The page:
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C-model A-10 takes first flight
C-model A-10 takes first flight
EGLIN AIR FORCE BASE, Fla. -- The newly designed C-model A-10 Thunderbolt II was flown for the first time here Jan. 20. The aircraft, modified with precision engagement technology, can now accept more high-value target missions. (Courtesy photo)

by 1st Lt. James Madeiros
96th Air Base Wing Public Affairs

01/28/2005 - EGLIN AIR FORCE BASE, Fla. (AFPN) -- The newly designated C-model A-10 Thunderbolt II, modified with precision engagement technology, was flown for the first time here recently by a 40th Flight Test Squadron pilot.

Precision-engagement technology allows the Air Force’s premier close-air support aircraft to also use smart weapons such as Joint Direct Attack Munitions and wind-corrected munitions dispensers, incapable in the previous model, officials said.

“We have taken the world’s greatest close-air support platform and made it even better by adding a wide array of laser and Global Positioning System-aided munitions, the latest in targeting pods and the infrastructure to support data link,” said Maj. Michael Rawls, the pilot who made the flight.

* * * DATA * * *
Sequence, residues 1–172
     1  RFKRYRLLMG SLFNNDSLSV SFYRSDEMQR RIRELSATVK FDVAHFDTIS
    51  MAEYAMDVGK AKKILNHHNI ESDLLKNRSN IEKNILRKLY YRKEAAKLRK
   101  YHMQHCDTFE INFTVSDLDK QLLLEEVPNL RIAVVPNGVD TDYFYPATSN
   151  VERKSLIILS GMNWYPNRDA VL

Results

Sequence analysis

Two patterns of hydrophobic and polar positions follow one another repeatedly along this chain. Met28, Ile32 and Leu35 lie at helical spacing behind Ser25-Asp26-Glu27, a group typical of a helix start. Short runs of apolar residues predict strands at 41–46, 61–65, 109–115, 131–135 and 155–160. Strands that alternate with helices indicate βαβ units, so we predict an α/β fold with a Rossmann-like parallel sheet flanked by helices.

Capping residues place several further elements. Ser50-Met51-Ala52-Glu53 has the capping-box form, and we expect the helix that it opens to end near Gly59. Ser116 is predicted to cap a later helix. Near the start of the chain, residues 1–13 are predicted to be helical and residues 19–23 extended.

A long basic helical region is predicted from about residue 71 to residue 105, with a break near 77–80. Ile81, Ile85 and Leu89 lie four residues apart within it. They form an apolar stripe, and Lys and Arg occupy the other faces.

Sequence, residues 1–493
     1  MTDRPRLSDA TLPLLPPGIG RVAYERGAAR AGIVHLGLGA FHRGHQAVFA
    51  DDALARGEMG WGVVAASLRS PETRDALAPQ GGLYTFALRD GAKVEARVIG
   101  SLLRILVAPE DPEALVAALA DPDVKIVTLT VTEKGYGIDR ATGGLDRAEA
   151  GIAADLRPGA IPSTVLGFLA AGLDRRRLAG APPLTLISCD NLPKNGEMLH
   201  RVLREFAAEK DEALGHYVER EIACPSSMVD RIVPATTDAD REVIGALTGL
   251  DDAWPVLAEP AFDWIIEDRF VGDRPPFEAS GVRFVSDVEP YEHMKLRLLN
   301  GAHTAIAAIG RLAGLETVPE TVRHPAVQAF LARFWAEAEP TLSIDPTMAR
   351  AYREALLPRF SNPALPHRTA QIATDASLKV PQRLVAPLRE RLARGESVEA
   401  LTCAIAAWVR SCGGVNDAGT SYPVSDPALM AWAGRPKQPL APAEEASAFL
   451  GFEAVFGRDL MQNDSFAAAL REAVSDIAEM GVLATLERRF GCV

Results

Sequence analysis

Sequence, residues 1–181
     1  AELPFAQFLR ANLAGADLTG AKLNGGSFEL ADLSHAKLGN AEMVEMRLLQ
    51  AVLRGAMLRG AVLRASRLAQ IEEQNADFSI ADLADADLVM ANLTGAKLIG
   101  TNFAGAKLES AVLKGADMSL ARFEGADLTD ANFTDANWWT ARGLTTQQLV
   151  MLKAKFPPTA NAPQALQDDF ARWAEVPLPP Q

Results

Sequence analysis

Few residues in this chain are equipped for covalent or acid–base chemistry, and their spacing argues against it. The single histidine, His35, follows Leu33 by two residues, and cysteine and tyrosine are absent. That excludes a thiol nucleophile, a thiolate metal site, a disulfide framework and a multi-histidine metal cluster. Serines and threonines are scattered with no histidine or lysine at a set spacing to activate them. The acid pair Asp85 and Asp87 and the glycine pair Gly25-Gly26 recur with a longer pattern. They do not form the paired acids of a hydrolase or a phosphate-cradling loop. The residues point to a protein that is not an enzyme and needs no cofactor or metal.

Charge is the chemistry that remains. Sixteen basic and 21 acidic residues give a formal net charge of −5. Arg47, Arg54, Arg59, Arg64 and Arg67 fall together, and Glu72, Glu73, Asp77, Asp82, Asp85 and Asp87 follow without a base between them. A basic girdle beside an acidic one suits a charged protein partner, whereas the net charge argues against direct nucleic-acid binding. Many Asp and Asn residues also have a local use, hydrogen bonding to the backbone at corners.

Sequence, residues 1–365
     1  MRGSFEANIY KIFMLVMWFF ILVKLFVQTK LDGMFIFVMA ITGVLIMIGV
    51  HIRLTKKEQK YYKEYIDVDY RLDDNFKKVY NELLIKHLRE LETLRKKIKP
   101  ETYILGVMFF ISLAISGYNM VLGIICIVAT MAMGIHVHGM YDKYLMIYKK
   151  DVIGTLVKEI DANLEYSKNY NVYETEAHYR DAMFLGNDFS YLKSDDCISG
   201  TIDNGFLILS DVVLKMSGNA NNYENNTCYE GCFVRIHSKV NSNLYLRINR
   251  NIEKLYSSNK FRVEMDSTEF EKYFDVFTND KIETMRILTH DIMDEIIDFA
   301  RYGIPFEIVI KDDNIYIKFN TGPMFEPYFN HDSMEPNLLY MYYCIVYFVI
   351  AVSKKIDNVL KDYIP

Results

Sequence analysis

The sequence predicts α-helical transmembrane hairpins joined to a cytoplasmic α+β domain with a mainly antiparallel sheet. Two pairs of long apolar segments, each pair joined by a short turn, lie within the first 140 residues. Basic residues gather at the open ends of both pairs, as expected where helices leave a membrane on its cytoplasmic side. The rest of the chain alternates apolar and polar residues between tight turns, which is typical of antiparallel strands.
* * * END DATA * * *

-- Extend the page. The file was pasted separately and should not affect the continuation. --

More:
The increased capability also allows for the A-10C to accept more high-value target missions.

Despite some speculation into whether to retire the A-10 in full or in part in years past, its performance in recent conflicts and its program enhancements make it an invaluable part of the Air Force fleet, officials said.

“The A-10 provides a ground commander with a capability no other platform can in terms of survivability, loiter time and array of weapons,” Major Rawls said. “Bottom line, it means (it) is here to stay for awhile.”

For those who have seen an A-10, the new model looks identical from the outside because the modifications are largely in the software and cockpit hardware. The appearance would be different, though, when loaded with a new array of munitions. The new capability will enable the A-10C to carry six smart munitions, with a standard load of four, Maj. Rawls said.

Although it has not yet flown with a new payload including smart munitions, Maj. Rawls said he felt that the modifications had not affected the performance of the aircraft.

“The modification moved the center of gravity slightly forward in the aircraft, but it was not distinguishable,” he said. “The jet handled very well.”

The estimated $300 million program has been a joint Air Force and industry effort that leaders said they believe will breathe yet more life into the 30-year-old aircraft.

“We are moving the A-10 into the 21st century with the capability to deliver the latest precision-guided weapons to the battlefield,” said Col. Robert Nolan, 46th Test Wing commander.